Students Get Laptops for CourseworkBy Shankar Mukherji
ASSOCIATE SCIENCE EDITOR
The MIT Council on Educational Technology (MITCET) has initiated a program to distribute laptop computers to students as part of an experiment aimed at assessing the educational impact of a mobile computing environment.
“The desired outcome of this experiment,” says a document produced by MITCET, “is to determine and measure the pedagogical and learning benefits of wireless, mobile computing in education.”
The departments of Civil Engineering, Mechanical Engineering, Architecture, and Physics are offering courses which make use of the mobile computing grants.
“The Council was looking at ways the MIT educational experience needed to change,” said Director of Academic Computing M. S. Vijay Kumar.
According to Kumar, much of the discussion surrounding pedagogical innovation centered around “more flexibility in educational delivery that supports collaborative education, active learning, and that is not reliant on the physical location of machines.”
The program is being jointly run by Academic Computing and the Computing Practices Resource Team (CPRT).
“There are 250 machines in the project,” said Kyle E. Pope, team leader of CPRT. “And 125 of them, to be used for Introduction to Computers and Engineering Problem Solving (1.00) and Mechanics and Materials I (2.001), were donated by the Hewlett-Packard Corporation.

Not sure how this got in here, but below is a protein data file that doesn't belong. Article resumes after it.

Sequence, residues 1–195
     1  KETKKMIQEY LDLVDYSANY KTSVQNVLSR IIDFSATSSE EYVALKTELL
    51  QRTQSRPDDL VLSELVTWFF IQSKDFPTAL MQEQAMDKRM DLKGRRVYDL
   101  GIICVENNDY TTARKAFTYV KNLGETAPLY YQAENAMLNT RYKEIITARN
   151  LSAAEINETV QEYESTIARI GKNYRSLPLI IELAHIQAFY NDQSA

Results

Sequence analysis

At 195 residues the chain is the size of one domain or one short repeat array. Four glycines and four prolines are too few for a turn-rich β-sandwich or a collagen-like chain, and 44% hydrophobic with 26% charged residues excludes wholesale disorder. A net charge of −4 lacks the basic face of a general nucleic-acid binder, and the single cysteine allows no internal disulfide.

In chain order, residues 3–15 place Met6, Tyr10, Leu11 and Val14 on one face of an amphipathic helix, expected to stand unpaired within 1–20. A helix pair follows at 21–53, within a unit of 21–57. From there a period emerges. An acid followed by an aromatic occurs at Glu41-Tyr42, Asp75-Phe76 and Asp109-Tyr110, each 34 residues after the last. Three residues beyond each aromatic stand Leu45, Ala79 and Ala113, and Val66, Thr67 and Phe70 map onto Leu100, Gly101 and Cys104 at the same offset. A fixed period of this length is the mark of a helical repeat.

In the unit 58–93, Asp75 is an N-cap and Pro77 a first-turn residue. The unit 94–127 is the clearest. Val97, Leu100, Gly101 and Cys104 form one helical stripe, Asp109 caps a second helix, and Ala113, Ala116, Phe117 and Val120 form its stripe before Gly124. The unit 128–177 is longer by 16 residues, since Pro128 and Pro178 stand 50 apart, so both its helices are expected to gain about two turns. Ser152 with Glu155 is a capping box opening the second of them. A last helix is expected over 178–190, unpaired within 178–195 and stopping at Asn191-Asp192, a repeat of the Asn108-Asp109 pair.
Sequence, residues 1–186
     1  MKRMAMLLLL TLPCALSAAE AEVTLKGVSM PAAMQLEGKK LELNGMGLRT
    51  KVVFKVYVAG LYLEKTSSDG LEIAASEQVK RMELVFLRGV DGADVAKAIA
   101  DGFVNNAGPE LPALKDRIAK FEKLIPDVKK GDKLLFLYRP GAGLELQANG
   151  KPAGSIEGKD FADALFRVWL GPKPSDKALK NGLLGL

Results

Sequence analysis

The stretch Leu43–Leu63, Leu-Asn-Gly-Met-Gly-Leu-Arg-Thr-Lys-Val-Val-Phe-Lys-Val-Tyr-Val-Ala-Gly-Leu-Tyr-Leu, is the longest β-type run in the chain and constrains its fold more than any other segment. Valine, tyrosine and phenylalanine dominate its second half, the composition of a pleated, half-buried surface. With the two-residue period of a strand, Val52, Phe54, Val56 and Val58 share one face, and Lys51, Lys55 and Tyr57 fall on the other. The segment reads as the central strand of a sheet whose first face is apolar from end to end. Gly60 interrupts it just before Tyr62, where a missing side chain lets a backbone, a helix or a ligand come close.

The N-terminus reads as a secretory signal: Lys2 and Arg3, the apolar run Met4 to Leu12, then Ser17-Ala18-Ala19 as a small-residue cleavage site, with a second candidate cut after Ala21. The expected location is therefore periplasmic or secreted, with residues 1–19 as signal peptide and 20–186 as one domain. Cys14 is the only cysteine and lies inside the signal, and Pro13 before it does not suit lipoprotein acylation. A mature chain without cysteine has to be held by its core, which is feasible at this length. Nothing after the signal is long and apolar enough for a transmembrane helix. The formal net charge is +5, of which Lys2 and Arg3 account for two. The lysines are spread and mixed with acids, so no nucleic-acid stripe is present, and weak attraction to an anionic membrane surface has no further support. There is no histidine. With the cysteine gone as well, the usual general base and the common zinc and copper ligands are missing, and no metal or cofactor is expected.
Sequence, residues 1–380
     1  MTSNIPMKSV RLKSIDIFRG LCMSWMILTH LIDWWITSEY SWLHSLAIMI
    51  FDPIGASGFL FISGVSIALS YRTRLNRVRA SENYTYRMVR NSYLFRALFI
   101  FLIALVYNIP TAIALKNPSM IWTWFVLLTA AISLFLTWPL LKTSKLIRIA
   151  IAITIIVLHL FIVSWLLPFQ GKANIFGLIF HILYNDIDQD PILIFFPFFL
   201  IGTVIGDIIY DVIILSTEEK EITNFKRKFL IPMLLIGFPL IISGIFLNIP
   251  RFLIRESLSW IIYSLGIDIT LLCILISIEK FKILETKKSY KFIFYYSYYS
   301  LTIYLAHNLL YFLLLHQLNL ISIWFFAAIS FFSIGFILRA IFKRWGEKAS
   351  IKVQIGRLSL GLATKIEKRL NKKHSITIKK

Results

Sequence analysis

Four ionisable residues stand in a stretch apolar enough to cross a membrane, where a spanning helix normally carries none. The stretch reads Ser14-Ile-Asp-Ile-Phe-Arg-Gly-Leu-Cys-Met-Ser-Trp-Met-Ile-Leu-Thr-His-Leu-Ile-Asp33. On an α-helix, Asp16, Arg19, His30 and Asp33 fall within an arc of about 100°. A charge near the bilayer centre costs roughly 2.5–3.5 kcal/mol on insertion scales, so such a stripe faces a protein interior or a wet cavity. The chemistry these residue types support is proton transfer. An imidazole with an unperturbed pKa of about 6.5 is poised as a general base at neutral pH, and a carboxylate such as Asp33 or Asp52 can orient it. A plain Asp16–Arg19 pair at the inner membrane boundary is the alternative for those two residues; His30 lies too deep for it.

“That adds up to something like half a million dollars of grant aid,” Pope said. “The remaining funds are from MITCET, which [ultimately] comes from the Alex and Brit d'Arbeloff Fund for Excellence in MIT Education.”
Courses tailor laptop use to fit needs
“Students [except for those in the Technology Enabled Active Learning program] will get the laptop, a wireless card, a case, and the computers will be registered with [
StudioMIT (Architecture) and 2.001 students will be issued individual laptops for their personal academic use.
“Architecture students will be using [the laptops] for CAD-CAM (computer-aided design and computer-aided manufacturing) development, on-site work at construction building projects, and ultimately developing portfolios of their architectural work,” said Phillip D. Long, senior strategist in Academic Computing.
Meanwhile, students enrolled in 1.00 will be paired up and instructed to “figure out how to share the laptop,” Long said.
Students taking part in the TEAL program, the version of Physics II (8.02T) which has replaced the standard electricity and magnetism course usually offered in the fall, will interact with their laptops as part of their laboratory equipment. Each team of four to six students will be assigned a computer for use in a project-based setting.
Project an educational experiment
If the laptop program succeeds during initial tests, it could usher in the largest changes to campus computing since the completion of Project Athena in June 1991.
“The idea is to accommodate different goals,” Kumar said. “We want to move the computing environment to a stage where education is not reliant on the physical location of computing equipment, for example, Athena clusters.”
“One-to-one computing is the vision we are trying to paint,” Kumar said. “We envision a transformation in the clusters to a much more mobile, heterogeneous environment.”
Still, no concrete plans for expanding the program are currently being discussed. “The outcome has not been determined,” Long said.
Among the issues yet to be resolved are the availability of the infrastructure necessary to support such a wireless network and the basic question of whether students need the laptops at all.
“It’s not like this is a step to some master plan,” Long said. “We realize that the program is not for everybody. We are instead using this in the true sense of inquiry.”